year on July 1st.
33. Understand the difference between
Subsidized and Unsubsidized loans.
Are based on financial
need; government pays
the interest while you
are in school.
Are not based on
financial need; you
should make interest
payments while in
34. Are you accruing interest
If you borrow $5,500 in unsubsidized
funds during your first year in college,
your interest payment will be $31.17
Over 4 years that amount will become
making your first year loan debt
$6,996.16 plus the interest that will
accrue during your repayment period.
35. Loan debt can add up fast!
Year in School
Amt Borrowed Per Year
36. The reality of loan
If you borrow $27,000 in a 6.8
percent interest rate Stafford
you'll have to pay $311 every
month for 120 months - 10
By the time you pay back the
$27,000 plus interest, you will
have paid $37,286!
If you borrow $35,000 you will pay $403 per month.
If you borrow $50,000 you will pay $575 per month.
37. Future salary required to
manage that payment?
38. When does repayment
39. Student loans…an investment?
40. It could be the best investment
you ever make…
41. Go to Class!
After all…you paid for it.
Only Pay for a Class One Time!
Do your work and be prepared for tests.
If you are struggling, GET HELP!
Stick to Your Academic Plan!
Take only courses that are REQUIRED for
completion of your degree program.
Borrow Only What You Need!
Learn the difference between
NEED and WANT.
Use Loan Funds for Educational
42. What if I don’t pay my loans
CODE OF FEDERAL REGULATIONS (CFR)
PART 685—WILLIAM D. FORD FEDERAL
DIRECT LOAN PROGRAM
Subpart B—Borrower Provisions
Sec. 685.211 Miscellaneous repayment
(1) Acceleration. If a borrower defaults on a
Direct Loan, the entire unpaid balance and accrued
interest are immediately due and payable .
(2) Collection charges. If a borrower defaults
on a Direct Loan, the Secretary assesses collection
charges in accordance with Sec. 685.202(e).
(3) Collection of a defaulted loan. (i) The
Secretary may take any action authorized by law to
collect a defaulted Direct Loan including, but not limited
•filing a lawsuit against the borrower,
•reporting the default to national credit bureaus,
•requesting the Internal Revenue Service to offset the
borrower's Federal income tax refund, and
•garnishing the borrower's wages.
43. No problem…I’ll just declare
44. In other words…
So you can
live rich LATER.
45. Federal PLUS Loans for Parents
Borrowers are credit worthy
parents of dependent undergraduate students.
47. You earn your financial assistance as you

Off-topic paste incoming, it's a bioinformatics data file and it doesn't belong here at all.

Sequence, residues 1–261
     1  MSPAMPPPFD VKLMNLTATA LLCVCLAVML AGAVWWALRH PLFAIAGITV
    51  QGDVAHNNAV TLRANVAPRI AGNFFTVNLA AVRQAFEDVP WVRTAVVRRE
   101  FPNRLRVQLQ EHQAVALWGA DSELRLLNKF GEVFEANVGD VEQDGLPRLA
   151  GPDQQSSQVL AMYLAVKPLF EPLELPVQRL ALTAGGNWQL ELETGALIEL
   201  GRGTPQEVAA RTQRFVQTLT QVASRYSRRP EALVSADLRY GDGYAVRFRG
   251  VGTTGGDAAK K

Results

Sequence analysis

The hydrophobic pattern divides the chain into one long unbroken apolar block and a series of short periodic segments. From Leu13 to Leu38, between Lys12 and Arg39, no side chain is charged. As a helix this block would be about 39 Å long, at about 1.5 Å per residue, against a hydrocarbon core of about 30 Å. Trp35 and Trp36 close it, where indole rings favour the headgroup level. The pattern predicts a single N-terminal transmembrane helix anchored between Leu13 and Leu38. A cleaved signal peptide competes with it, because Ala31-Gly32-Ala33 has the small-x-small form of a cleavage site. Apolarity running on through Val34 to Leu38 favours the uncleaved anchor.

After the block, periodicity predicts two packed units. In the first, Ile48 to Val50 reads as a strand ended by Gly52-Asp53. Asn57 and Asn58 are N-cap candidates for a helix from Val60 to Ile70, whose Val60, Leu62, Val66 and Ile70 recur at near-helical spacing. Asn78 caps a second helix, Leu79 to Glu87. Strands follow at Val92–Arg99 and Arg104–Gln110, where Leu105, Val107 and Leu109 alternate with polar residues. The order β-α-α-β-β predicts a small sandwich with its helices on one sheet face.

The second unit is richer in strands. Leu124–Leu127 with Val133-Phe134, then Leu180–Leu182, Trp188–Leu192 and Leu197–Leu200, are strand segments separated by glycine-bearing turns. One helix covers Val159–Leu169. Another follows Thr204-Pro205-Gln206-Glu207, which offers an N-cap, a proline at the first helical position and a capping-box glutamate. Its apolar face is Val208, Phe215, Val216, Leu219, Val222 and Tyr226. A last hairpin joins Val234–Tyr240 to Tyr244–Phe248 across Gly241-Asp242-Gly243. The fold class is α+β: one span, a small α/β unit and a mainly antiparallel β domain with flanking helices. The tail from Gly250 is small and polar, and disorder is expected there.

go to class.
48. You can lose your eligibility to receive Federal
financial assistance (Pell, Stafford Loans, etc.).
49. Would you borrow that
much money to buy a
car and then…
Leave the lot
50. Money Tip #1
You should always have a plan for spending your
where your money goes.
Stay out of debt.
Be ready for the unexpected.
Allow for saving and investing.
Be prepared for a life of financial success!!
51. Money Tip #2
Understand that small purchases add
up to big money.
When you look at your spending, you may
see that you buy a latte every day.
True, a latte only costs about $3, but if you
buy one every day, that's $21 a week.
Over the course of the school year, that
adds up to $1,092.
In four years, that's more than $4,368
you'll spend on coffee and steamed milk!
52. Money Tip #3
Your credit score is expressed on a scale between 300 and 850. (Fair
Isaac Corporation - FICO score).
• Do you pay your bills on time?
• What types of credit do you use?
• How much do you owe?
• How much credit do you have
• Do you have responsible borrowing
• Have you applied for several credit
cards over a short period of time?
• Do you have court judgments or
• Do you have unpaid bills in collection?
53. The information
in your credit
report is used to
renting a home.
54. Money Tip #4
Understand the miracle of compounding interest?
Sally begins investing $1,000 a year in a tax-deferred IRA at age 22 and stops
putting money in the IRA after 10 years, at age 32. She leaves her money so it
will grow through compounding until she reaches age 65.
Joe begins investing $1,000 a year in a tax-deferred IRA at age 30 and
continues to do so for 35 years until he reaches age 65.
Number of years
Value at age 65
$1,000 per year for
10 years ($10,000)
$1,000 per year for
34 years ($34,000)